The 2012 VES Summit, held in Marina del Rey, California, had a little bit of everything, starting with a continental breakfast and a nice selection of roundtables that included everything from virtual production to information about the Art Directors Guild.
Then it was downstairs for an inspirational session with keynote speaker George Whitesides, CEO of Virgin Galactic, with an overview of spaceflight. His session was peppered with humorous quips, such as when you reach weightlessness the captain informs you that you are "free to move about the cabin," accompanied by a photo of passengers floating with 360 degrees of freedom.
The morning roundtables.
This was followed by featured speaker Albert Chang, EVP and chief product officer for Digital Media at Disney, who was a little too focused on marketing, even running three commercials during his session, but provided some interesting information nonetheless. Then a slight shuffle to the schedule brought two surprise speakers from Yekra (www.yekra.com). It is a distributor whose philosophy is the best way to replace an old model is to build a new one, and offers some very interesting alternatives to getting your film projects out to the online viewing public.
A delicious lunch was served by the pool, included in the cost of the ticket. An hour later we were back inside and greeted by one of the more rousing sessions of the day with second keynote speaker Sean Carroll, senior research associate in physics from Caltech. He spoke about time travel, a common theme running through today’s films, and how some films fail at logic while others succeed. He then offered a ton of useful tidbits to think about when working on your next time-travel film. He delivered all of it with humor that was uproarious enough to keep the room awake and laughing, even after lunch in the sun.
Eric Roth and Scott Ross.
The rest of the afternoon was a bit more sobering. Another Disney session on tax incentives was both enlightening and disturbing, and demonstrated the importance of addressing the issue before the US loses its entire industry. A conversation with Ed Ulbrich, CEO of Digital Domain, discussed DD's recent bankruptcy and how he had to lay his entire budget bare to his clients, hopefully finally impressing them with the razor-thin margins this industry is expected to survive and flourish under. Another session covered the possibilities and limitations of whether television VFX is the future of film VFX. The Summit ended with Scott Ross, co-founder and former chairman/CEO of Digital Domain, who shared his thoughts on the state of the industry, unions, and trade associations, and why this industry has to stop being so warm and cuddly if it is going to survive the business of VFX.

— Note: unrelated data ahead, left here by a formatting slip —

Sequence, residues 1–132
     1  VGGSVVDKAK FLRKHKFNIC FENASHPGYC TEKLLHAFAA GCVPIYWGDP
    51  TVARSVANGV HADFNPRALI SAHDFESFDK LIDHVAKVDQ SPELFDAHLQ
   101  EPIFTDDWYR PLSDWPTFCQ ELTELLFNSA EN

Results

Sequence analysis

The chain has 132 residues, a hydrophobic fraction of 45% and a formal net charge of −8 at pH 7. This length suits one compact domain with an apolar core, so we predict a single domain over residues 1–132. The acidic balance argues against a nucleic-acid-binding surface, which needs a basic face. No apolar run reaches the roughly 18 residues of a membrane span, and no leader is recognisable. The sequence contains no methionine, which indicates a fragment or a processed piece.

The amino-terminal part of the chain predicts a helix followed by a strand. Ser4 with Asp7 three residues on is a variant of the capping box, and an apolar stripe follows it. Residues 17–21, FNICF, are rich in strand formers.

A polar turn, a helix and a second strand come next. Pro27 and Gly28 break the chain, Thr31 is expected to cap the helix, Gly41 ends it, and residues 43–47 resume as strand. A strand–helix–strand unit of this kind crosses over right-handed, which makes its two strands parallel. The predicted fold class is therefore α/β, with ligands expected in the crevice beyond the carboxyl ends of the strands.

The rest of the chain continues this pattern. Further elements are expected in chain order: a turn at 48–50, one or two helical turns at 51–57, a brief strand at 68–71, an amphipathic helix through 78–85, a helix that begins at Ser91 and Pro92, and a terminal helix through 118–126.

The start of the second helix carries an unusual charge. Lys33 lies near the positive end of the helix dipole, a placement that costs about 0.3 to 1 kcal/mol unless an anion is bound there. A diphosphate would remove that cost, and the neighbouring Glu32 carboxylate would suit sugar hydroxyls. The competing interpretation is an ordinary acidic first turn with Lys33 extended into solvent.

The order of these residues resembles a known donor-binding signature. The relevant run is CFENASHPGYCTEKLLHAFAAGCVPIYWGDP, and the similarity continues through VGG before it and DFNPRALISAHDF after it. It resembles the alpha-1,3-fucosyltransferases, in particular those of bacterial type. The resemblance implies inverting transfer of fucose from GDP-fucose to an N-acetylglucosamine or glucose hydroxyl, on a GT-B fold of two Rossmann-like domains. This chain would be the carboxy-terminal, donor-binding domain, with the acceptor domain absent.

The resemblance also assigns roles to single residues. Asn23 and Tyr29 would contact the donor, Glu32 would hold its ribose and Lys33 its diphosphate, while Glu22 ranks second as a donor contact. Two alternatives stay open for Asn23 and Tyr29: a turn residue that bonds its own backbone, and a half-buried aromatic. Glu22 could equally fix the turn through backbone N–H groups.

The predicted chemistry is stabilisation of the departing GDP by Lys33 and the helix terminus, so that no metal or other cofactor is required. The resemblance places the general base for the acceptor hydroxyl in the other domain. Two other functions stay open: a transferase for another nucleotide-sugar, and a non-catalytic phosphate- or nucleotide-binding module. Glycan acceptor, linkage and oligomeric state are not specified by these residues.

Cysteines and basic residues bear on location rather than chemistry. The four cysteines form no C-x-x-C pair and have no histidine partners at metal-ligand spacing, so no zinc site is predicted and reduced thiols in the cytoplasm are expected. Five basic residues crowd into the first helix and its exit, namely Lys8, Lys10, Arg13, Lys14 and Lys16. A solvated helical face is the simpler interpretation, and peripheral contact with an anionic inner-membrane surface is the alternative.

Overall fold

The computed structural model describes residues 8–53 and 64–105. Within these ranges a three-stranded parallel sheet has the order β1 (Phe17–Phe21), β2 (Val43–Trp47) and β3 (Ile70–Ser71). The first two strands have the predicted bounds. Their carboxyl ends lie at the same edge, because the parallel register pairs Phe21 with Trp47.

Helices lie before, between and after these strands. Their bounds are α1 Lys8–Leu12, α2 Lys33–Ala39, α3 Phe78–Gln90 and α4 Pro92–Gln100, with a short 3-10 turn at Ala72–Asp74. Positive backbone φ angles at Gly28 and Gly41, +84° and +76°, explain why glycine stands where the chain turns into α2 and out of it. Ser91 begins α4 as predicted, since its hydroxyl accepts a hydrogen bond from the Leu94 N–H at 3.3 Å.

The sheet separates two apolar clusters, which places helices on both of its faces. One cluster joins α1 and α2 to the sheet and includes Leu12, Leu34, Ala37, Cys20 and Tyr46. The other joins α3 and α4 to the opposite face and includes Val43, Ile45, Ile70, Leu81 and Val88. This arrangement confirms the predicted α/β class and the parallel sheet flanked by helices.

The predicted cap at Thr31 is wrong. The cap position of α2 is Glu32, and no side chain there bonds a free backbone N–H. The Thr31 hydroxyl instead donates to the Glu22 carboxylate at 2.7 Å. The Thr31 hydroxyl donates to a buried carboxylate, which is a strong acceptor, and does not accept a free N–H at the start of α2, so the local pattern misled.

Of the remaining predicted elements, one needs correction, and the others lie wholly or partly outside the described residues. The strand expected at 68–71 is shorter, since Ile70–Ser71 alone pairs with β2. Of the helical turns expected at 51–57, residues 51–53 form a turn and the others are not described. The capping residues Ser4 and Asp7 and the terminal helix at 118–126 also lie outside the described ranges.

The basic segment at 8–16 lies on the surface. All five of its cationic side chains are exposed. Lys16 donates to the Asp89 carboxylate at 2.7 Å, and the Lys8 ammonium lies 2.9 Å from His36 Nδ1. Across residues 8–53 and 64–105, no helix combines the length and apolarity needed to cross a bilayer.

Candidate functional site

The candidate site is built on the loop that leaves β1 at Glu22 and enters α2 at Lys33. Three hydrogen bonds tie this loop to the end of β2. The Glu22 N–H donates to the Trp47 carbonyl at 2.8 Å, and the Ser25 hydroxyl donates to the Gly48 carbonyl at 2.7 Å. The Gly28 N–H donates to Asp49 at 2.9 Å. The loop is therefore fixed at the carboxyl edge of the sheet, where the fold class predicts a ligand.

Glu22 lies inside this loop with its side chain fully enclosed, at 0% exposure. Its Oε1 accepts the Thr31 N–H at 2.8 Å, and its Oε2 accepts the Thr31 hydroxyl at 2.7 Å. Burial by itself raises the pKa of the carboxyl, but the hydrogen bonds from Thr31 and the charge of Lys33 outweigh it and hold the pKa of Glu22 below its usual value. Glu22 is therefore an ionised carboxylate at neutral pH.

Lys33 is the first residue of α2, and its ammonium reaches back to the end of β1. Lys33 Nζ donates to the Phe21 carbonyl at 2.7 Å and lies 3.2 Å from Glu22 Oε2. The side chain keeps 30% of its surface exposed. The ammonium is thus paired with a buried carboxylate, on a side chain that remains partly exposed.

Attendee Laurie George checks out the virtual camera, which was built by Glenn Derry and provided by VideoHawks.
The day ended back by the pool with lively conversation, exchanging business cards, hors d’oeuvres and cocktails, accompanied by the setting sun melting into the ocean. The day’s focus, while not always directly about VFX, seemed to be on inspiration and a view of the topics this industry deals with every day. Judging by attendee enthusiasm, it seemed quite successful.
Renee Dunlop is a freelance writer based in the Los Angeles area. (All photos by R. Dunlop)